Fuel-Finding Tool Wins Ford's Smartphone App Contest

Three Rules: No Games, No Videos and No Distracting Text

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Ford Motor Co. has rewarded a company for creating a smartphone app that promises to make finding fuel easier.

Team FuelSignal developed an application called FuelSignal that helps motorists locate gasoline stations, buy discounted gasoline and receive loyalty credits.

Team FuelSignal emerged as the winner from among the 10 contestants that showed off their apps at the Los Angeles Auto Show last month. The 10 companies worked with Ford for two months to develop their apps on Ford's Sync AppLink platform.

Team FuelSignal's reward will be to launch its application officially with Ford at the 2015 International CES in Las Vegas, said Elizabeth Halash, a Ford engineer. The consumer electronics show is in January.

Ford and other automakers are trying to make autos friendly to heavy users of smartphones. At the same time, they want to maintain control over new apps to limit driver distraction.

Ford supplied each of the 10 contestants with a Technology Development Kit, what Ms. Halash refers to as "Sync-in-a-Box." Each of the units is worth about $5,000 and simulates the center console of a vehicle equipped with the Sync voice recognition and control system.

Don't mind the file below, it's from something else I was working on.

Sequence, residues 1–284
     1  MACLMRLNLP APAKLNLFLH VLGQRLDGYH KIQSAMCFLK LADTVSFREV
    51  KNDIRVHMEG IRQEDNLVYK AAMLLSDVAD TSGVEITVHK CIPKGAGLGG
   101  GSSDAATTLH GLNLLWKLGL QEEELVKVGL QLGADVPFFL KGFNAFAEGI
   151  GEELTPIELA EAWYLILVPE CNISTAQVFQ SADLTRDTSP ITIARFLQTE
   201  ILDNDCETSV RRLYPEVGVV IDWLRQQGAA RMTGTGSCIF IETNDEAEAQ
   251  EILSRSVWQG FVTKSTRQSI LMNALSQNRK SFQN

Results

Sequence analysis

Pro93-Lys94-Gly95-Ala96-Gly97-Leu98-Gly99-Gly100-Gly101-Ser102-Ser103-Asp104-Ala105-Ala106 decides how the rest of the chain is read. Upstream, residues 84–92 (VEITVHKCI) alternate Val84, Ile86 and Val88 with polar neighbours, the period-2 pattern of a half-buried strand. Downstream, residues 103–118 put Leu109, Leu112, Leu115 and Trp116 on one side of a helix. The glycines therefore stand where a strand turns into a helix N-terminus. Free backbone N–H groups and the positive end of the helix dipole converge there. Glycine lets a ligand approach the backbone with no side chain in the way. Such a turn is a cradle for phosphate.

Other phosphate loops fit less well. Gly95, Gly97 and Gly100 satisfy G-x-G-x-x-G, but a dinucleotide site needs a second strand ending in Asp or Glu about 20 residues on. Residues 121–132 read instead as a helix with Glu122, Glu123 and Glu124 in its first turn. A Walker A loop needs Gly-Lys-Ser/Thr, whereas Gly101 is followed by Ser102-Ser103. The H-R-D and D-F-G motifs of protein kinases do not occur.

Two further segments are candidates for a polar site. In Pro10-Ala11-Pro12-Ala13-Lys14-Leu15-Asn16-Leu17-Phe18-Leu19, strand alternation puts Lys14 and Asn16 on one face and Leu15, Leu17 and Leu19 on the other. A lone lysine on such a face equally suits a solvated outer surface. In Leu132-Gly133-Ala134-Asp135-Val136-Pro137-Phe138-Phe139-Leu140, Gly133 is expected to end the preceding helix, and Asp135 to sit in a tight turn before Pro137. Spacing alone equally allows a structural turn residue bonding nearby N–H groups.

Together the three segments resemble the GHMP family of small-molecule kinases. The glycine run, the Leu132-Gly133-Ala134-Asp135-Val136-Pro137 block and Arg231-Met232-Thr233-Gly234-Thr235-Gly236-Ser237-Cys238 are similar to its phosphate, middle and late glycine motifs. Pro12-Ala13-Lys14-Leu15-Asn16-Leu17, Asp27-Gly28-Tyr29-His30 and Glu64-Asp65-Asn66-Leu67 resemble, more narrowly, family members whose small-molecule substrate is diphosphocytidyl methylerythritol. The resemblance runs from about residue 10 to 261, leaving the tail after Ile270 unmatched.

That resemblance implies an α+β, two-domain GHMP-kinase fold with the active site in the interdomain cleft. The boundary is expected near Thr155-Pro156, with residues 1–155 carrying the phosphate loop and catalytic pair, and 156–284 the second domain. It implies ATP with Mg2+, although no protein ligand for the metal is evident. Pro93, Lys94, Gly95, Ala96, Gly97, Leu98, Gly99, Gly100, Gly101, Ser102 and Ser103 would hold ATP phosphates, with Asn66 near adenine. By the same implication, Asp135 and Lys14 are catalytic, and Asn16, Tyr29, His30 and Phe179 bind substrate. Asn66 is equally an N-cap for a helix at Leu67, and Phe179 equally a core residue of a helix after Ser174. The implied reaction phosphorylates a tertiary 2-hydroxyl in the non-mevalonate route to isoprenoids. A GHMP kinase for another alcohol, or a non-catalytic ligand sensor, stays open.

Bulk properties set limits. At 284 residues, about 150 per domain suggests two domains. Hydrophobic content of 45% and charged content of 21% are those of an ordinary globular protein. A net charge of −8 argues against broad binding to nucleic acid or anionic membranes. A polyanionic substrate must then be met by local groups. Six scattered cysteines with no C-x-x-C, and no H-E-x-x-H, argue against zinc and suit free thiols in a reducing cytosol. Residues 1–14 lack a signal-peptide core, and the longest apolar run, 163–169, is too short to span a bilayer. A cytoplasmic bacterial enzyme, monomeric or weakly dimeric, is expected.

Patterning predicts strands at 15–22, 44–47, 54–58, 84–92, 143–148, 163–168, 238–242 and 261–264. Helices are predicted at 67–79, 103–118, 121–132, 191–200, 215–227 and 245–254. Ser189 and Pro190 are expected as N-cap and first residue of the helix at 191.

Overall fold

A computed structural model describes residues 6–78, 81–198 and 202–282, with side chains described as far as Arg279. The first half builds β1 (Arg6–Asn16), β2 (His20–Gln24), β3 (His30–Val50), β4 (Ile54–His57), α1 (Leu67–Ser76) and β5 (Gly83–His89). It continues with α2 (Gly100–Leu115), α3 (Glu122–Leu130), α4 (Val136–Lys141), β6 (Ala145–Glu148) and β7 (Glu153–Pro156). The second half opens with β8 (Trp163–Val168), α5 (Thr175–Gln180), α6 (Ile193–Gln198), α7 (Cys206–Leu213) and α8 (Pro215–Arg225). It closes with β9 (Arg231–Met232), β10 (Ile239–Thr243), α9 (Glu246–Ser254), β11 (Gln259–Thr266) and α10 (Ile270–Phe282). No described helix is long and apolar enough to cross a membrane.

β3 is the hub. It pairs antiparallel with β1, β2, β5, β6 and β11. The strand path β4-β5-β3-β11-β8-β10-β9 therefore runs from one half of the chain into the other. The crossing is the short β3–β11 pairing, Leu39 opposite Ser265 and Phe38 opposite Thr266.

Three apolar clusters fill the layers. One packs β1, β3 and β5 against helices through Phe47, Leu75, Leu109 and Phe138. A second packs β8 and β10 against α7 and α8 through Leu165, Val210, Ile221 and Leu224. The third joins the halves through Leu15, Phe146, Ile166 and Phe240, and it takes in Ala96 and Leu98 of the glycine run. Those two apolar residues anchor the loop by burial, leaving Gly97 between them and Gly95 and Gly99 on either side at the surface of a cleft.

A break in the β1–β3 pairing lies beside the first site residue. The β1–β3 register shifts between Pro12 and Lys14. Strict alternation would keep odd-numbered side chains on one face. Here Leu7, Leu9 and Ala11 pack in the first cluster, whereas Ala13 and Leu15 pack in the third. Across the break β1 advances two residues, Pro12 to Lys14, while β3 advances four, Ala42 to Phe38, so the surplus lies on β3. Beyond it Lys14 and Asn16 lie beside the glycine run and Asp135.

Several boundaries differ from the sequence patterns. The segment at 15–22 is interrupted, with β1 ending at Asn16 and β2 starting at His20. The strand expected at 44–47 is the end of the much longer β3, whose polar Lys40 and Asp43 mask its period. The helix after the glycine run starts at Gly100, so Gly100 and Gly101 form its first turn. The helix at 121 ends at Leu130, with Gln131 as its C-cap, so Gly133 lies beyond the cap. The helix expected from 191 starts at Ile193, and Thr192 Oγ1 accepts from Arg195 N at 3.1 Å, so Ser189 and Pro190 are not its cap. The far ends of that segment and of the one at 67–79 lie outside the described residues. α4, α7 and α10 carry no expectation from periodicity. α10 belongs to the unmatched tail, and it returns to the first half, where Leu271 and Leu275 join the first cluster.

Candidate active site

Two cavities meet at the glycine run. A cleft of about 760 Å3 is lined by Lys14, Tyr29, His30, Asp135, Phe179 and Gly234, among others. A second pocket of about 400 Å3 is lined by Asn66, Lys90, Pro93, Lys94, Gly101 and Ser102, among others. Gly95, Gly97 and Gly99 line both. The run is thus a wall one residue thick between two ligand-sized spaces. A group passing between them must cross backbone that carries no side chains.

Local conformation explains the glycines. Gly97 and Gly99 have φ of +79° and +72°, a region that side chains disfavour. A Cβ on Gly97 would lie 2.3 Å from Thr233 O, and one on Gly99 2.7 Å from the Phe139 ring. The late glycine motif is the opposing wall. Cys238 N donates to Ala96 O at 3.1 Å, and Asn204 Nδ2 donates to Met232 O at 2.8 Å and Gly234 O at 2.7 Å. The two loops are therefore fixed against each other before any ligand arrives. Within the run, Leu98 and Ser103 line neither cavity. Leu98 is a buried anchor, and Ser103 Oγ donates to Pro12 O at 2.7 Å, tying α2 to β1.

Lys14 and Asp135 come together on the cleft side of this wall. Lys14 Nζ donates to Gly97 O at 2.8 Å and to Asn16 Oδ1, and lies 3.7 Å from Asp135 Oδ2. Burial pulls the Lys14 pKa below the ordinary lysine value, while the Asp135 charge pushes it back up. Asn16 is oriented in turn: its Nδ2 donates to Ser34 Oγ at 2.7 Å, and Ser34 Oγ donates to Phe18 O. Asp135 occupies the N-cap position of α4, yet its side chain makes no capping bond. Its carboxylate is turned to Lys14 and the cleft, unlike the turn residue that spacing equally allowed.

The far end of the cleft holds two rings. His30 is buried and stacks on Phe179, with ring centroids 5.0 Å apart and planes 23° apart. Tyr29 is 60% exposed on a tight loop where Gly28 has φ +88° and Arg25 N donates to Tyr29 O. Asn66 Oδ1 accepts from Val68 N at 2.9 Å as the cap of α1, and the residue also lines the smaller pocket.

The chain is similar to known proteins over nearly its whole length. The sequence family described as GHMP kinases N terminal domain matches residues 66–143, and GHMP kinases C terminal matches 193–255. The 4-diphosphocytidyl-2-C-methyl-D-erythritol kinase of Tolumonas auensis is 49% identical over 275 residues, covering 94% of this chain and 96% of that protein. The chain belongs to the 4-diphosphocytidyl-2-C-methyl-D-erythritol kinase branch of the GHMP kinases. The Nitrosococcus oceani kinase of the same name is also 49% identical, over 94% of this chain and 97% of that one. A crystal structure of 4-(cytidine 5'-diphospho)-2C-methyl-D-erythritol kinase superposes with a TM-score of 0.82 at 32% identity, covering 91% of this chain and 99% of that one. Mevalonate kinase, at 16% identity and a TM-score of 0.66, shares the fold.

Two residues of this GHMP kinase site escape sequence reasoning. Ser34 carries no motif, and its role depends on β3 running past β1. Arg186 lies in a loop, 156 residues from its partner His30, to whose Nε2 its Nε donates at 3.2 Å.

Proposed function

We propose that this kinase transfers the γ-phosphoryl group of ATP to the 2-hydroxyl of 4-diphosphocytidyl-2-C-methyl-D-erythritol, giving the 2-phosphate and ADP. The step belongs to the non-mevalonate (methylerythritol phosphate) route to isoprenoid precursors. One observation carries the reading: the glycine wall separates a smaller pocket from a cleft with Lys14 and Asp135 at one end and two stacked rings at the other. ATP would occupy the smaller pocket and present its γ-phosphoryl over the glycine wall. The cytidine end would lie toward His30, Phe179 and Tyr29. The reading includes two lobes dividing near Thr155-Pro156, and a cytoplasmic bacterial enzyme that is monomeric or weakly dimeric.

The FuelSignal app is available free for Apple and Android mobile devices. Motorists can use the app to get discounts on fuel and merchandise in stores participating in the program, according to Zul Momin, founder and CEO of Team FuelSignal.

When a user's smartphone or other mobile device paired with Ford's Sync system is loaded with the app, FuelSignal monitors the fuel level. When the fuel starts to get low, FuelSignal alerts the driver and notifies the consumer with a list of gas stations nearby offering discounts.

Ford kicked off the competition at an all-night "hackathon" at the company's App Pursuit conference in Las Vegas in September.

Ms. Halash said Ford had only three basic rules: no games, no videos and no apps that display a lot of distracting text on the screen.

Ford hopes to encourage an open environment so developers don't have to develop individual apps for each carmaker.

"We want to expand to other car companies," Ms. Halash said. "We open source."

-- Bradford Wernle is a reporter for Automotive News